Can your smart phone determine if you’re having the most serious – and deadly – form of heart attack? A new research study says it can – and may be a valuable tool to save lives.
The international study, led by researchers from the Intermountain Medical Center Heart Institute in Salt Lake City, found that a smartphone app to monitor heart activity and determine if someone is having an ST-Elevation Myocardial Infarction (STEMI), a heart attack in which the artery is completely blocked, has nearly the same accuracy as a standard 12-lead electrocardiogram (ECG), which is used to diagnose heart attacks.
Researchers say the findings are significant because the speed of treatment after a STEMI heart attack helps save lives.
“The sooner you can get the artery open, the better the patient is going to do. We found this app may dramatically speed things up and save your life,” said J. Brent Muhlestein, MD, lead investigator of the study and cardiovascular researcher at the Intermountain Medical Center Heart Institute.
In the study, 204 patients with chest pain received both a standard 12-lead ECG and an ECG through the AliveCor app, which is administered through a smartphone with a two-wire attachment. Researchers found the app with the wire set-up effective in distinguishing STEMI from not-STEMI ECGs accurately and with high sensitivity compared to a traditional 12-lead ECG.
“We found the app helped us diagnose heart attacks very effectively — and it didn’t indicate the presence of a heart attack when one wasn’t occurring,” Dr. Muhlestein said.
A STEMI is a very serious type of heart attack during which one of the heart’s major arteries — which supplies oxygen and nutrient-rich blood to the heart muscle — is blocked. ST-segment elevation is an abnormality that’s detectable on the 12-lead ECG.
Researchers presented results from the study at the American Heart Association’s 2018 Scientific Session in Chicago.
Researchers conducted the study, called the ST LEUIS International Multicenter Study, at five international sites that are all associated with the Duke University Cooperative Cardiovascular Society (DUCCS), with Intermountain Medical Center Heart Institute serving as the coordinating institution where they collected and collated data.
Other participating research centers include: Duke University, Integris Heart Hospital (Oklahoma City), Catholic University (Argentina), Mayo Clinic, Stanford University, Erlanger Institute for Clinical Research (Tennessee), University of Utah Health, AliveCor Corporation, and the Rocky Mountain University of Health Professions.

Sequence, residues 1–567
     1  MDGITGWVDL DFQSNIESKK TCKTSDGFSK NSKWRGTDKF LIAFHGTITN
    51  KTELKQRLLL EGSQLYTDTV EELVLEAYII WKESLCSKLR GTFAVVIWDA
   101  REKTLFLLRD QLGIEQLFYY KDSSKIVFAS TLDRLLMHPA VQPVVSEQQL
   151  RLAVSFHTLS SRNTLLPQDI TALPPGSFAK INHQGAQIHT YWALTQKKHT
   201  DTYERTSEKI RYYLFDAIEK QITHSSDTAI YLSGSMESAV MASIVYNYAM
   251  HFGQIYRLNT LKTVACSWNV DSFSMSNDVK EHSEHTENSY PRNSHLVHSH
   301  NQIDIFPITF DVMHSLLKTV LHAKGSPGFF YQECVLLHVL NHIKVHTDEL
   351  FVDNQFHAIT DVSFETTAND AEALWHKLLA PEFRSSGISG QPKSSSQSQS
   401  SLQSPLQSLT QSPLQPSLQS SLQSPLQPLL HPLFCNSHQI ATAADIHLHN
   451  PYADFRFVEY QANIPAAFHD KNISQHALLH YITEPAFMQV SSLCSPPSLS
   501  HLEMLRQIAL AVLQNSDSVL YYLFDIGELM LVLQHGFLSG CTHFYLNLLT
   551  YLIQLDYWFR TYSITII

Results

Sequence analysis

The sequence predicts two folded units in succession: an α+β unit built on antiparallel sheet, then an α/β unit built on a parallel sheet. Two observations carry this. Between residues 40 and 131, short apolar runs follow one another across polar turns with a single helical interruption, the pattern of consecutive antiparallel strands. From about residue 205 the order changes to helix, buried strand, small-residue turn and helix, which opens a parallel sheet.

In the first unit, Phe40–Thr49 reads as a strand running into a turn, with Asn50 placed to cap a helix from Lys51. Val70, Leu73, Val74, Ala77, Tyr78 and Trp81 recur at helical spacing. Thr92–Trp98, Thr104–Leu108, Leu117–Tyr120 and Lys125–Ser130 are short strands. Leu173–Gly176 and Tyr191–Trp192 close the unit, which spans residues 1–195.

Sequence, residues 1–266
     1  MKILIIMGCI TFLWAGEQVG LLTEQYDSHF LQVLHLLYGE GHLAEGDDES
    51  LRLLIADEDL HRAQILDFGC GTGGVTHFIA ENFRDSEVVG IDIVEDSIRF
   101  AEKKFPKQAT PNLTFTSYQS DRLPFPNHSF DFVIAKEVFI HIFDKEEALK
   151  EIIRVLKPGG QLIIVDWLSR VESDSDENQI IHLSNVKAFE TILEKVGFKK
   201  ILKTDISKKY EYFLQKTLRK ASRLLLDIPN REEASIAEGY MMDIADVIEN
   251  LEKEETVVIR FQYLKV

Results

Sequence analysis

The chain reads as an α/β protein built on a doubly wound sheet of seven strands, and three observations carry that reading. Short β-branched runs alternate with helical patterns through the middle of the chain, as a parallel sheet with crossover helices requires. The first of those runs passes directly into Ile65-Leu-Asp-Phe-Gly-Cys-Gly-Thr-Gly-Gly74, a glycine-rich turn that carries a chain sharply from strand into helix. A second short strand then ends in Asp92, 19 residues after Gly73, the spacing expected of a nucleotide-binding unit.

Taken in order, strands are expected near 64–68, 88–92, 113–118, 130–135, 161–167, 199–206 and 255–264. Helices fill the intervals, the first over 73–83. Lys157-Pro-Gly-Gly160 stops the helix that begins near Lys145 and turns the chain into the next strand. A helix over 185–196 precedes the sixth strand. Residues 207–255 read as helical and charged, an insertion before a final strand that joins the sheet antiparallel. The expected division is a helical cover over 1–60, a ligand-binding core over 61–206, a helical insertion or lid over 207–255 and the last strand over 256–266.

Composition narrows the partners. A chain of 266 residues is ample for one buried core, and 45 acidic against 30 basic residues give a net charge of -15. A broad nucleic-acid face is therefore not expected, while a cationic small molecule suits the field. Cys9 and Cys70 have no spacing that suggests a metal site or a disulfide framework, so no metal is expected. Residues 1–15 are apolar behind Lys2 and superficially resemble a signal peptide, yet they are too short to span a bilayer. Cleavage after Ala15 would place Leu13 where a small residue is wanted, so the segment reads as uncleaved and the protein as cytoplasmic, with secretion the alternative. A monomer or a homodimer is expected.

The idea for this kind of ECG set-up perhaps came from the use of treadmills for personal fitness development, said Dr. Muhlestein. Many people using treadmills wear a simple device that can detect their heart rate, through a single ECG lead, more accurate than just checking the pulse. “It’s a simple jump from there to putting it on a smartphone, and then recording the same ECG lead from several body positions.” he said.
The new Apple 4 smartwatch also comes with a single-lead ECG. A typical ECG has 12 leads, which improves the accuracy of a diagnosis because heart attacks happen in different parts of the heart, and each lead looks at a different part. With the AliveCor app, the two wire leads are moved around the body in order to record all 12 parts.
The findings of the study are important for two reasons, said Dr. Muhlestein.
The first is it could speed up the urgent treatment a patient needs after suffering a STEMI. American College of Cardiology/American Heart Association guidelines recommend that the “door-to-balloon time” – or the time from when a patient enters the hospital to when a catheter with a balloon on the tip is inserted into the patient’s blocked artery, then inflated to flatten plaque against the wall of the artery – be less than 90 minutes.
“If somebody gets chest pain and they haven’t ever had chest pain before, they might think it’s just a bug or it’s gas and they won’t go to the emergency room,” Dr. Muhlestein said. “That’s dangerous, because the faster we open the blocked artery, the better the patient’s outcome will be.”
The app can take the electrocardiogram on the spot, send the results into the cloud where a cardiologist reviews it immediately and, if a STEMI is found, tell the person so they can be rushed to the hospital.
Secondly, the price of the app with the two-wire extension is low, which could put the power of an ECG into the hands of anyone with a smartphone or smartwatch, and make ECGs accessible in places like third world countries where people have smartphones but where expensive ECG machines are hard to find, if they’re available at all.